EPHO4: Health Promotion including action to address social determinants and health inequity
The purpose of this essential public health operation (EPHO) is to promote population health and well-being by addressing inequalities and the broader social and environmental determinants. Supportive environments need to be created and community assets strengthened to empower individuals and populations to have healthier lifestyles and behaviours across life course. Multisectoral action is needed to create healthy environments and to reduce inequalities and risk factors in social and environmental determinants of health.
A recent self-assessment of public health services in 41 of the 53 countries in the WHO European Region found that:
- There are examples of some very progressive and strategic approaches in the WHO European Region to health inequality, found in the United Kingdom and Nordic countries.
- Health inequalities are not routinely considered while developing health promotion strategies. Inclusion of equity in legislation and policy-making is reported by only half of European Union countries.
- Despite many individual activities, health promotion is overall underdeveloped in the Region, particularly for noncommunicable diseases and lifestyle risk factors.
- Capacity needs to be built in the areas of formulating strategies, and implementation and monitoring in order to strengthen overall responses. Countries in Central Asia and Eastern Europe especially lack such capacity.
As a result, a recommendation was made to strengthen and develop integrated cross–sector health promotion policy and services. These should address inequality and the wider determinants of health and should be especially orientated towards reducing non-communicable diseases and promoting well-being. Capacity should be built for formulating and implementing strategies in these areas.
Maternal and newborn health
WHO/Europe’swork includes the Effective perinatal care training package and the Beyond the numbers methodology that help countries in developing national policies and guidelines for better quality of maternal care. WHO is most active in the countries with the greatest need, particularly in the Balkan region and the Commonwealth of Independent States.
Child and adolescent health
WHO/Europe has developed a systemic approach to address adolescent health called the ‘Five S’ that helps countries strengthen their response to adolescent health. The implementation of WHO early childhood development programmes and cross-sector approaches such as Schools for health in Europe also helps to improve the survival, growth and development of young children.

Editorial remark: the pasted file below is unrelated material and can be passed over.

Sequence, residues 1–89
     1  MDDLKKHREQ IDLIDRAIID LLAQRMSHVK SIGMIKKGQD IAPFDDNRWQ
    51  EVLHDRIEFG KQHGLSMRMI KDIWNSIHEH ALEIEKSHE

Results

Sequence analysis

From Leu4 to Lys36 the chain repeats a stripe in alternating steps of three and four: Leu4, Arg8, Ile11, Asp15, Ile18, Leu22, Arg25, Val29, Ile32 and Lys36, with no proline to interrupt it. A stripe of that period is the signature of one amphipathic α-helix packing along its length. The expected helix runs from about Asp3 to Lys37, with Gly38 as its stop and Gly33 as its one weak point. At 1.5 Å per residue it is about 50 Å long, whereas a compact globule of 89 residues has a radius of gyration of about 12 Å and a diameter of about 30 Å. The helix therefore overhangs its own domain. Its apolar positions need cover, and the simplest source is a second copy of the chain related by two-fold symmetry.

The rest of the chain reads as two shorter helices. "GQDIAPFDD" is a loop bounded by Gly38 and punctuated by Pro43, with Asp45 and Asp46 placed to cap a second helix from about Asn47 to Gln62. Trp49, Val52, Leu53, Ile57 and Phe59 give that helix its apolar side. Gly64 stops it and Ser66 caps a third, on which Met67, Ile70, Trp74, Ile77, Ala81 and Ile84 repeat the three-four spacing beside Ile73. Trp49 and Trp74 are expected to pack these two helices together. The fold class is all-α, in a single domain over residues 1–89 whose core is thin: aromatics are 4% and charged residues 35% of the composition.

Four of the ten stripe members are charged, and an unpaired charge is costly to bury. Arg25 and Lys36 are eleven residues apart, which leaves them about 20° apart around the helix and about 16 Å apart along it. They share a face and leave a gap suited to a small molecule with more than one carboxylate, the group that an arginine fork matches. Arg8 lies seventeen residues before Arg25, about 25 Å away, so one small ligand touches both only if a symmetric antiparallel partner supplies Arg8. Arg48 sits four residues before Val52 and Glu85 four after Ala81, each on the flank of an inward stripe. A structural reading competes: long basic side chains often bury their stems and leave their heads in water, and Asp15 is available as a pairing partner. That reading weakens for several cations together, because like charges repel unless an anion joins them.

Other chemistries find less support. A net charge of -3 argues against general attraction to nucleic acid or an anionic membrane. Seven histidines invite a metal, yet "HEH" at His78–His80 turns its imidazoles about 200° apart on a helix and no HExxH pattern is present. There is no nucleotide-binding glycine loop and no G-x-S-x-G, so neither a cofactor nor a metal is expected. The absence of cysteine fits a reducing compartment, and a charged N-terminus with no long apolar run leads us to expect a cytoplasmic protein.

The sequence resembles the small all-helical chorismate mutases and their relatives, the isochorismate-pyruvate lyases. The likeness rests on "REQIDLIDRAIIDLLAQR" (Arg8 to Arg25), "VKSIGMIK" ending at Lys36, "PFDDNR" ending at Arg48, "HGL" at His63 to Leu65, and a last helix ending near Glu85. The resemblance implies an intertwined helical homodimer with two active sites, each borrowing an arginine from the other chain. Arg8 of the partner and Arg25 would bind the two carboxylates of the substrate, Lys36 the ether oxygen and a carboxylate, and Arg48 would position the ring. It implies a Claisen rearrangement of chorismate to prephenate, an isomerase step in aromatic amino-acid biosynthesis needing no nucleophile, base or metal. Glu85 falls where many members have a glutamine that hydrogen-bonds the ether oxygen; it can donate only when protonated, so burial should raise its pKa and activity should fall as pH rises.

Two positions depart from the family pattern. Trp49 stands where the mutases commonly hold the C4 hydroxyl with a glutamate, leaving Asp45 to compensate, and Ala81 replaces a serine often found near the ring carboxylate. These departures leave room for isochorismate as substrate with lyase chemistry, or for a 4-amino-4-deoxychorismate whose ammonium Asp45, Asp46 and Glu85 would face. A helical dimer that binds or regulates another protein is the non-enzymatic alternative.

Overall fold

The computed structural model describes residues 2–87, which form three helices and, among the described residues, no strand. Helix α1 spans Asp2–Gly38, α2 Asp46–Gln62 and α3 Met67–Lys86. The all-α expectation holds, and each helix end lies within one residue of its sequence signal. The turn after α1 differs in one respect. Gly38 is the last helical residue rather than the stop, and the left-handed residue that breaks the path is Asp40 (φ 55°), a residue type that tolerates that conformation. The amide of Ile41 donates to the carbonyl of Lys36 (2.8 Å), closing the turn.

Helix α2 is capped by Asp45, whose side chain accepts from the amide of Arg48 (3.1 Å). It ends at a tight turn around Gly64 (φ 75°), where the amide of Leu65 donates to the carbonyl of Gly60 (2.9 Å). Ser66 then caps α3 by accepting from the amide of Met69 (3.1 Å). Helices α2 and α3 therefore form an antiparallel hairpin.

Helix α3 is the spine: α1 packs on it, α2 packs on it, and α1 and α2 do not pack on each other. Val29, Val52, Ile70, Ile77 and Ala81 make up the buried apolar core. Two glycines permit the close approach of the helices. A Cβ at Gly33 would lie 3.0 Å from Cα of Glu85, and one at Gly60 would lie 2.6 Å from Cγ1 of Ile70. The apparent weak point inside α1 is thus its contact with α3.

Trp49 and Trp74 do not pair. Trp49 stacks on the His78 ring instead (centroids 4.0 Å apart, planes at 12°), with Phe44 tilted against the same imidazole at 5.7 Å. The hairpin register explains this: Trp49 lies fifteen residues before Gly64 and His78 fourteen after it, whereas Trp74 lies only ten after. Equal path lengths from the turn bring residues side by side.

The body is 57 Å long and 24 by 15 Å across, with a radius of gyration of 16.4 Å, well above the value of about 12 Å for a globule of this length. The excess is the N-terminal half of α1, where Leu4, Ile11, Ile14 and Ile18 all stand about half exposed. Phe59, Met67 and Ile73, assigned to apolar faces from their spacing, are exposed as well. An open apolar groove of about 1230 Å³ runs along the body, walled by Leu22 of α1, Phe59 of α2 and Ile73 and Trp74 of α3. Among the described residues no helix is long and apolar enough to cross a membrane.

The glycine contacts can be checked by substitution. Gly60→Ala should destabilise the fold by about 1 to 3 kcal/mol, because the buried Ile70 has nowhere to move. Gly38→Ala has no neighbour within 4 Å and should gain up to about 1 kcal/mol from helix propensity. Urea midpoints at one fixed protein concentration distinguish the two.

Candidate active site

WHO/Europe has adopted the Active ageing policy framework for policy-makers, which is based on a multisectoral approach to health for the elderly.
Under the aegis of the WHO Framework Convention on Tobacco Control (WHO FCTC), WHO/Europe is successfully promoting the six tobacco control policy intervention areas through the MPOWER framework.
WHO/Europe works closely with the European Commission on the European Information System on Alcohol and Health. It uses the European Alcohol Action Plan 2012to guide countries in drafting or renewing national alcohol policies to reduce the harmful use of alcohol, for example through increasing taxation and decreasing access to alcohol products.
WHO/Europe supports countries in providing effective treatment programmes for drug users. Support is provided in technical advice on harm reduction measures and opioid substitution therapy.
Violence and injury prevention
WHO/Europe helps countries build capacity for policies to prevent injuries and promoting safety. WHO’s TEACH-VIP is a comprehensive injury prevention and control curriculum that assists in policy development and capacity building.
Transport and health
The countries in the WHO European Region have been committed to pursuing healthy and sustainable transport since 1999, when the Charter on Transport, Environment and Health was adopted at the Third Ministerial Conference on Environment and Health. WHO/Europe supports countries in defining and managing healthy mobility policies, and promoting healthy and sustainable transport through a “health in all policies” approach. It helps countries make health and environmental considerations a more explicit criterion for decision making on transport.
HEPA Europe network
WHO/Europe supports Member States in creating environments supportive of physical activity through the HEPA Europe network (theEuropean network for the promotion of health-enhancing physical activity).
Nutrition, physical activity and obesity
WHO/Europe works with Member States in the development, implementation and evaluation of policies to promote healthy diets and to prevent overweight and obesity.